Principal Component Analysis and Clustering Reveal Human Maternal Ancestry from Complete Mitochondrial Sequences

author: Gyan Bhanot, Rutgers, The State University of New Jersey
published: Oct. 15, 2008,   recorded: September 2008,   views: 4574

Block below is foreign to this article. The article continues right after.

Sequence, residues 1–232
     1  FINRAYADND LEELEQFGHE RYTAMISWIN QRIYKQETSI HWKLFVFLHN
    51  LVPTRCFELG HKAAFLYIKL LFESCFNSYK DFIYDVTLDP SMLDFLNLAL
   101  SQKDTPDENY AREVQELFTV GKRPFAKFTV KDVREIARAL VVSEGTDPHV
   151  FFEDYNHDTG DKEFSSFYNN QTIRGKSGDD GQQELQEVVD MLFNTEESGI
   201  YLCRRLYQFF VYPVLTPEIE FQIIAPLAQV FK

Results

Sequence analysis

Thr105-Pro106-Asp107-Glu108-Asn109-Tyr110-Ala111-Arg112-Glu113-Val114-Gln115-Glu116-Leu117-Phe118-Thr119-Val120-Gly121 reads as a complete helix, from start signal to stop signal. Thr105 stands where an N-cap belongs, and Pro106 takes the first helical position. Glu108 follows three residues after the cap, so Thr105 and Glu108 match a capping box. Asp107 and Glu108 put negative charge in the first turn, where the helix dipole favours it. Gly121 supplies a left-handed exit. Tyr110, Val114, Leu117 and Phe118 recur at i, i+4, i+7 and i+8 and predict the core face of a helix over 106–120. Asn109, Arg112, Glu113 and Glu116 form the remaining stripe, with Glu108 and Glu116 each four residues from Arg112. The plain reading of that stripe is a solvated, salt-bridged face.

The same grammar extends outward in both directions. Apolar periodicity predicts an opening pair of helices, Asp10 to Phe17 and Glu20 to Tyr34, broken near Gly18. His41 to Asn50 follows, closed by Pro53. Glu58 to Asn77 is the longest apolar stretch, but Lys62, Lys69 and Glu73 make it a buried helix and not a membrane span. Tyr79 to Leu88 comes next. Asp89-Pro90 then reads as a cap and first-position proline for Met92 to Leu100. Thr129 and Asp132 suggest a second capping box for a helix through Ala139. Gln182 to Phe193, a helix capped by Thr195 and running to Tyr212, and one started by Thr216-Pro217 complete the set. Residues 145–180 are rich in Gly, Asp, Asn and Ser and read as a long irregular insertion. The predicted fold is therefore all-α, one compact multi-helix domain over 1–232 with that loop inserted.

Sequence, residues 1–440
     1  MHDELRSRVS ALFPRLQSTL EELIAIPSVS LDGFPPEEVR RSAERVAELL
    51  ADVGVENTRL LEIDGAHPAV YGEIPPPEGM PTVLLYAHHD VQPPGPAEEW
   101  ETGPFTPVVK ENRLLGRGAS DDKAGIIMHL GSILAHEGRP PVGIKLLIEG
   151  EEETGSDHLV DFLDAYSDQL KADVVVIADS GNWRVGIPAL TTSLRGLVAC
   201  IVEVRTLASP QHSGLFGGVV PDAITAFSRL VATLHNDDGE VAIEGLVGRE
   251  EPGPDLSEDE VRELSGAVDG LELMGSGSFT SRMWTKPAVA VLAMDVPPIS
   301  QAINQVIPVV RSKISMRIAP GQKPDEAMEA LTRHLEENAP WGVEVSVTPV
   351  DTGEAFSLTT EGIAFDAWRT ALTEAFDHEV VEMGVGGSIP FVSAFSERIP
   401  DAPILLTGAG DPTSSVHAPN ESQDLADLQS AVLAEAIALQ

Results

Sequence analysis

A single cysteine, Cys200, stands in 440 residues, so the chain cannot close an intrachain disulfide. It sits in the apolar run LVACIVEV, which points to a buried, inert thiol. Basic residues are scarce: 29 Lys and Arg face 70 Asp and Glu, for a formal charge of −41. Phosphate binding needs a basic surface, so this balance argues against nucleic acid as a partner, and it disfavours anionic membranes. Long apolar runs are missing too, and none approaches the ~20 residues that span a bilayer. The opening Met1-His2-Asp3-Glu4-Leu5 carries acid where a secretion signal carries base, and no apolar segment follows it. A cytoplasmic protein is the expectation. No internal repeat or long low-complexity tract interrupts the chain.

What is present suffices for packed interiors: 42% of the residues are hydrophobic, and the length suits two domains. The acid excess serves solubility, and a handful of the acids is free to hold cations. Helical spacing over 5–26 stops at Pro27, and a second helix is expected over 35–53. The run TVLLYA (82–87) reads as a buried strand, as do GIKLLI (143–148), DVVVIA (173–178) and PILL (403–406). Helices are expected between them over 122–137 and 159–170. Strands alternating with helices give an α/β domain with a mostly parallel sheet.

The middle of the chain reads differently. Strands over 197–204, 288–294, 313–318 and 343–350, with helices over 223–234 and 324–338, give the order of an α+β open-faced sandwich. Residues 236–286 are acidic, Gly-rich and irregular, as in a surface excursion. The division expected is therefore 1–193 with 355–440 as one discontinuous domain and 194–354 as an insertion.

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We develop a simple, direct method to infer the phylogenetic tree for the maternal lineage of all humans using principal component analysis and consensus ensemble clustering. Unlike standard methods such as parsimony and maximum likelihood, our method is fast, gives a unique tree, makes no a-priori assumptions, uses all polymorphisms in the data and has high internal branch consensus. It confirms that modern humans came from Africa in at least two migrations and that the common maternal ancestor of humans or "mitochondrial Eve" lived in Africa 200,000 years ago. It also suggests that the so called "R Clade", usually defined by a polymorphism at locus 12705 is too heterogeneous to have derived from a single common ancestor and places haplogroups B/R5/F in the Asian branch of the N Clade in agreement with their current location.

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